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School of Medicine
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Nicola Mary Heller, Ph.D.
Associate Professor of Anesthesiology and Critical Care Medicine
Research Interests: Alternatively activated macrophage; STAT6; IRS-2; Asthma; Allergic inflammation; Interleukin(IL)-4/IL-13 signaling
Dr. Nikki M. Heller is an assistant professor of anesthesiology and critical care medicine and allergy and clinical immunology at the Johns Hopkins University School of Medicine.
Dr. Heller’s research focuses on the immunobiology of macrophages and how they affect diseases that have an inflammatory basis, including obesity, cardiovascular disease and cancer. Macrophages are cells that form in response to an infection or damaged cells. They ingest foreign material and, thus, are an important part of the immune system. Current projects focus on uncovering the links between asthma and obesity and determining how gender and race affect asthma and obesity in humans.
She received his undergraduate degree from the University of Bath in 1995. She earned her Ph.D. from Johns Hopkins University School of Medicine in 2004.
Dr. Heller is an active mentor for students of all levels.
- Associate Professor of Anesthesiology and Critical Care Medicine
- Associate Professor of Medicine
- B.Sc., University of Bath (United Kingdom) (1995)
- Ph.D., Johns Hopkins University School of Medicine (Maryland) (2004)
Research & Publications
Dr. Heller’s research focuses on the immunobiology of macrophages and how they affect diseases that have an inflammatory basis, including obesity, cardiovascular disease and cancer. Although alternatively activated and classically activated macrophage phenotypes can be useful designations, it is apparent that macrophages exist along a phenotypic spectrum and may have the capacity to convert their phenotypes. Dr. Heller's group actively engages in this exciting new area of macrophage immunobiology.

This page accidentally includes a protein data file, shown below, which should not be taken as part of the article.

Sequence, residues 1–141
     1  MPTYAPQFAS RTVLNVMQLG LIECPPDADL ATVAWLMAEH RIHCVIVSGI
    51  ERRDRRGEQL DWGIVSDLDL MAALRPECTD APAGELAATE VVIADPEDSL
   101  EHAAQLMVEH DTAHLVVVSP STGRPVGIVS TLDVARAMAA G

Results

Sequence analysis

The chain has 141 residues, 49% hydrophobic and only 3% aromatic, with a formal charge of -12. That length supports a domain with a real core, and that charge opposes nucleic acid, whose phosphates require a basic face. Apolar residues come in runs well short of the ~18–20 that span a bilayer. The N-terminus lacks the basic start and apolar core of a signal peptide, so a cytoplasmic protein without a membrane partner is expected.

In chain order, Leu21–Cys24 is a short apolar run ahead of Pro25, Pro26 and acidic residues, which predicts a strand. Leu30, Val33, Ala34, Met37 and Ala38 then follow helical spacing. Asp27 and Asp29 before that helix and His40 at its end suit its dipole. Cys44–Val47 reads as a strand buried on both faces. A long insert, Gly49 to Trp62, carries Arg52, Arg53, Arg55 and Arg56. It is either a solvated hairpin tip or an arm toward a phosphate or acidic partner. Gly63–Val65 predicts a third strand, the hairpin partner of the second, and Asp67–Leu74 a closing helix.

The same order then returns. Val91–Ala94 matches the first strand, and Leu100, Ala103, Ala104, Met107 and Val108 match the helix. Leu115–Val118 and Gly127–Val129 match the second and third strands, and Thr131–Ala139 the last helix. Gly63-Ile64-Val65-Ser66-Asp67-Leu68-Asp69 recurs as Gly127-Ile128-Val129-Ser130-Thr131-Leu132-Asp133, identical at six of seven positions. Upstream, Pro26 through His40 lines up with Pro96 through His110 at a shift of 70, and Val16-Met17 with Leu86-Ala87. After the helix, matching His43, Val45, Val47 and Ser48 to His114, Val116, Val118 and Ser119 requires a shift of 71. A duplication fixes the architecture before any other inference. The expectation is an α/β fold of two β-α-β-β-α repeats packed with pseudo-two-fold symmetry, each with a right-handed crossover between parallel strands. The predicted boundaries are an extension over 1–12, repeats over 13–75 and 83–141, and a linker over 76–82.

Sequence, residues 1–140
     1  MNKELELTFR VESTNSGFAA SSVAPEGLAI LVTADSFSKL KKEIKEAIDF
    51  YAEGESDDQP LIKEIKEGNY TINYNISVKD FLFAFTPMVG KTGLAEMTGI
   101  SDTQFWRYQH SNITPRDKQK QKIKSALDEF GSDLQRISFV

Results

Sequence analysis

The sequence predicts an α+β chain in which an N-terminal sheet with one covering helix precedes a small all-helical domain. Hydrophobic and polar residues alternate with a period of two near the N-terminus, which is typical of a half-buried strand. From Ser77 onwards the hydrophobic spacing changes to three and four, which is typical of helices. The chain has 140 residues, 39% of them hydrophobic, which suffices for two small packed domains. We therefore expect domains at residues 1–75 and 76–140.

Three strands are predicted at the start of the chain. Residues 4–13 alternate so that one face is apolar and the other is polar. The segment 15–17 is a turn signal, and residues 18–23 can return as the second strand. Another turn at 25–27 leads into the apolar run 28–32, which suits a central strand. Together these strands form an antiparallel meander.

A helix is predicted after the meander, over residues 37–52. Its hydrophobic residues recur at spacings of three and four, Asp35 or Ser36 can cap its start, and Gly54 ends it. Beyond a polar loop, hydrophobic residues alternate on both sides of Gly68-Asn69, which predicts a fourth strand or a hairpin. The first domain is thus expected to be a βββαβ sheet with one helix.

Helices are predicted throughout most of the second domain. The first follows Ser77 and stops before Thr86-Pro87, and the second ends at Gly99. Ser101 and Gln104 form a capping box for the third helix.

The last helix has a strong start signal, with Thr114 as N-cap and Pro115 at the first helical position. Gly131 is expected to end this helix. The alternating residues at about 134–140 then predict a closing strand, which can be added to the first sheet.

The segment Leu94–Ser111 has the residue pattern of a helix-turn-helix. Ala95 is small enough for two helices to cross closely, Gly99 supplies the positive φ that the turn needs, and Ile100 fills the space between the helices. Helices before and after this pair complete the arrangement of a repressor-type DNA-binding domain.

Specifically, her laboratory focuses on the role of IL-4/IL-13 signaling in asthma and allergic disease. She is interested in the basic mechanisms of signaling: from the biology, signal transduction, and regulation of the IL-4/IL-13 receptor to the role of alternatively activated macrophages or "M2" macrophages in the pathogenesis of allergic inflammation. She focuses particularly on the consequences of chronic or dysregulated M2 macrophage responses and how to prevent or interrupt these processes.
Current projects are focused on uncovering the molecular mechanisms that underpin sex differences in asthma and determining how sex affects asthma in humans. She and her team use a variety of techniques, including molecular and cellular biology, biochemistry, mouse models, cultured cell lines, and human patient samples to uncover cellular and molecular pathways that will be relevant targets for human clinical benefit.
LaPorte SL, Juo, ZS, Vaclavikova J, Colf LA, Qi X, Heller NM, Keegan AD, Garcia KC. Molecular and Structural Basis of Cytokine Receptor Pleiotropy in the Interleukin-4/13 System. Cell, 2008 Jan 25; 132: 259-272. PMC2265076
Heller NM, Qi X, Junttila IS, Shirey KA, Vogel SN, Paul WE, Keegan AD. Type I IL-4Rs selectively activate IRS-2 to induce target gene expression in macrophages. Sci Signaling. 2008 Dec 23, 1(51): ra17. PMC2739727
McCormick SM, Gowda N, Fang JX, Heller NM. Suppressor of Cytokine Signaling (SOCS)1 Regulates IL-4-Activated Insulin Receptor Substrate (IRS)-2 Tyrosine Phosphorylation in Monocytes and Macrophages via the Proteasome. J Biol Chem. 2016 Aug 9. pii: jbc.M116.746164. [Epub ahead of print]. PMCID: PMC5034051
Warren KJ, Fang XJ, Gowda NM, Thompson JJ, Heller, NM. The TORC1-Activated Proteins, P70S6K and GRB10, Regulate IL-4 Signaling and M2 Macrophage Polarization by Modulating Phosphorylation of Insulin Receptor Substrate-2. J Biol Chem. 2016 Oct 14. pii: jbc.M116.756791. [Epub ahead of print]. PMCID: 27742835. PMC5122764
Keselman A, Fang JX, White PB, Heller NM. Estrogen signaling contributes to sex differences in macrophage polarization during asthma. J Immunol, 2017 Sep 1;199(5):1573-1583
Academic Affiliations & Courses
Graduate Program Affiliation
School of Medicine Immunology Graduate Program